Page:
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the number of coronavirus cases in the united states has passed three million — with over 130,000 american fatalities — but the white house is pushing hard to re—open schools. australia's second largest city melbourne is back under lockdown, thanks to a recent spike in virus infections. five million people have been ordered to stay home except for essentials such as shopping, unavoidable work or caregiving. wednesday was the third day in a row that the state of victoria recorded more than 100 cases. australia's overall covid numbers are comparatively small, nearly 9000 cases. that's less than california recorded in one single day this week. but australian authorities say they are determined to stop the spread going any further. abc news reporter, steven schubert spoke to me from melbourne a short time ago. today is the first day of this new stage of lockdown just for melbourne. so unlike when australia was last in lockdown,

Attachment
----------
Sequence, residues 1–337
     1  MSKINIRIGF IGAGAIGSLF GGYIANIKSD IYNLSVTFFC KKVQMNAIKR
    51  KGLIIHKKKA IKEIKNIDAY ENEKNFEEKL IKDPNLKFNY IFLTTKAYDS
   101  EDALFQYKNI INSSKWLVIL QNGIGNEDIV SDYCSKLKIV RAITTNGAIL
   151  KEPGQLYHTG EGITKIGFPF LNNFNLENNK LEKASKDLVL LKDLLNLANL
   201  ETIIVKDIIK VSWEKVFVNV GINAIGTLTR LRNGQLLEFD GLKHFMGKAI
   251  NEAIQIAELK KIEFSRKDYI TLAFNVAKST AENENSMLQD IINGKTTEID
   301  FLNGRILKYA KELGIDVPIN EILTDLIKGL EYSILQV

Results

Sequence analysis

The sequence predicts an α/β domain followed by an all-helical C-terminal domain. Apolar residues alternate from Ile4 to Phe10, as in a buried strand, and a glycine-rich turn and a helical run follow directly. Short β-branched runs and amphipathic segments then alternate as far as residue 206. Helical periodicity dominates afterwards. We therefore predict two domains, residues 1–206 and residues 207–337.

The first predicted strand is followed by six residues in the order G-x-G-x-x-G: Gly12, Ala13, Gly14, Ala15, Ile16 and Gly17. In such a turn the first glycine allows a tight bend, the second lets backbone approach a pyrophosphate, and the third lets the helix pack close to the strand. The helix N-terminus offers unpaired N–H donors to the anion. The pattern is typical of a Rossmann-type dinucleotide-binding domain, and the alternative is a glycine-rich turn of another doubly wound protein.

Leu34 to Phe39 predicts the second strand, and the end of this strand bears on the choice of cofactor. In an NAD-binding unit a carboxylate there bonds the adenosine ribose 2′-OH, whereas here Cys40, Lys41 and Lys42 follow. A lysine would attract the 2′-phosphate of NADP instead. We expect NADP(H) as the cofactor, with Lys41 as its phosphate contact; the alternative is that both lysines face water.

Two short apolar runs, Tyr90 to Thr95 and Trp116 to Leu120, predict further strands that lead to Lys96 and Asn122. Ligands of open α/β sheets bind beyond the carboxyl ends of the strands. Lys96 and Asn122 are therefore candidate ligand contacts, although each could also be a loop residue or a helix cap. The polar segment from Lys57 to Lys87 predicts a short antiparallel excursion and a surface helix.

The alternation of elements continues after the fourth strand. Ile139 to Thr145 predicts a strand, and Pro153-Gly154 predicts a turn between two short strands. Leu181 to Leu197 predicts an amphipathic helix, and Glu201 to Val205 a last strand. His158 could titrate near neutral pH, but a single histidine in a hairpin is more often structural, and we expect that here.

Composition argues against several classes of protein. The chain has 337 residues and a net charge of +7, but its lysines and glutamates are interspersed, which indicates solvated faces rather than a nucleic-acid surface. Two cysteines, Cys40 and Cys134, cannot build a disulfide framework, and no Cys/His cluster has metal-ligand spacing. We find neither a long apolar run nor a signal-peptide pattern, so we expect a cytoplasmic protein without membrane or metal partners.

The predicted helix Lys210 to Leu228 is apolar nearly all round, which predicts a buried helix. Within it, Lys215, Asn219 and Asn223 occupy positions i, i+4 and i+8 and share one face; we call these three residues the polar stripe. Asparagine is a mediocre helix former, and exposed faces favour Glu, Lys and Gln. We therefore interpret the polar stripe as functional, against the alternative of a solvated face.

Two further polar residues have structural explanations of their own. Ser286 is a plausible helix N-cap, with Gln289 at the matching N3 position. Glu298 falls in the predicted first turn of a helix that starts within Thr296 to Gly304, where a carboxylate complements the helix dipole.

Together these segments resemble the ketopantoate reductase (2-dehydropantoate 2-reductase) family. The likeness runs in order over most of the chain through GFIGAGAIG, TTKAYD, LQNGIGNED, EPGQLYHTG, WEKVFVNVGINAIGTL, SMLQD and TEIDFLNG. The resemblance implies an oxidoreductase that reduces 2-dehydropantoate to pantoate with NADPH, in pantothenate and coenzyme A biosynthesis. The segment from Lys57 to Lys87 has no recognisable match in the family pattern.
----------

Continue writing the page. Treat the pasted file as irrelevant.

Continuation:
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when the whole country really was all in it together, this time it's just melbourne, and there are police road checks at the outskirts of melbourne stopping people coming in. now, we understand that they are providing some leniency today, for the first day, so if you show up at the road check and you don't have a valid excuse, you are being turned around. but they're saying that window of leniency is closing, and it won't be long until you're issued with fines, and that fine is a$1,600 so it would definitely sting. 0n the towers behind me, on the front there, this is unprecedented in australia. this is a hard lockdown. these people haven't been allowed to leave their homes at all since sunday, so hopefully there will be some news for them today. the state government here in victoria is saying that the testing is now complete in the towers, and they will be having some news about the easing of those restrictions fairly soon. seeing some pushback, i think, steven, especially from people in public housing, that they seem to be seeing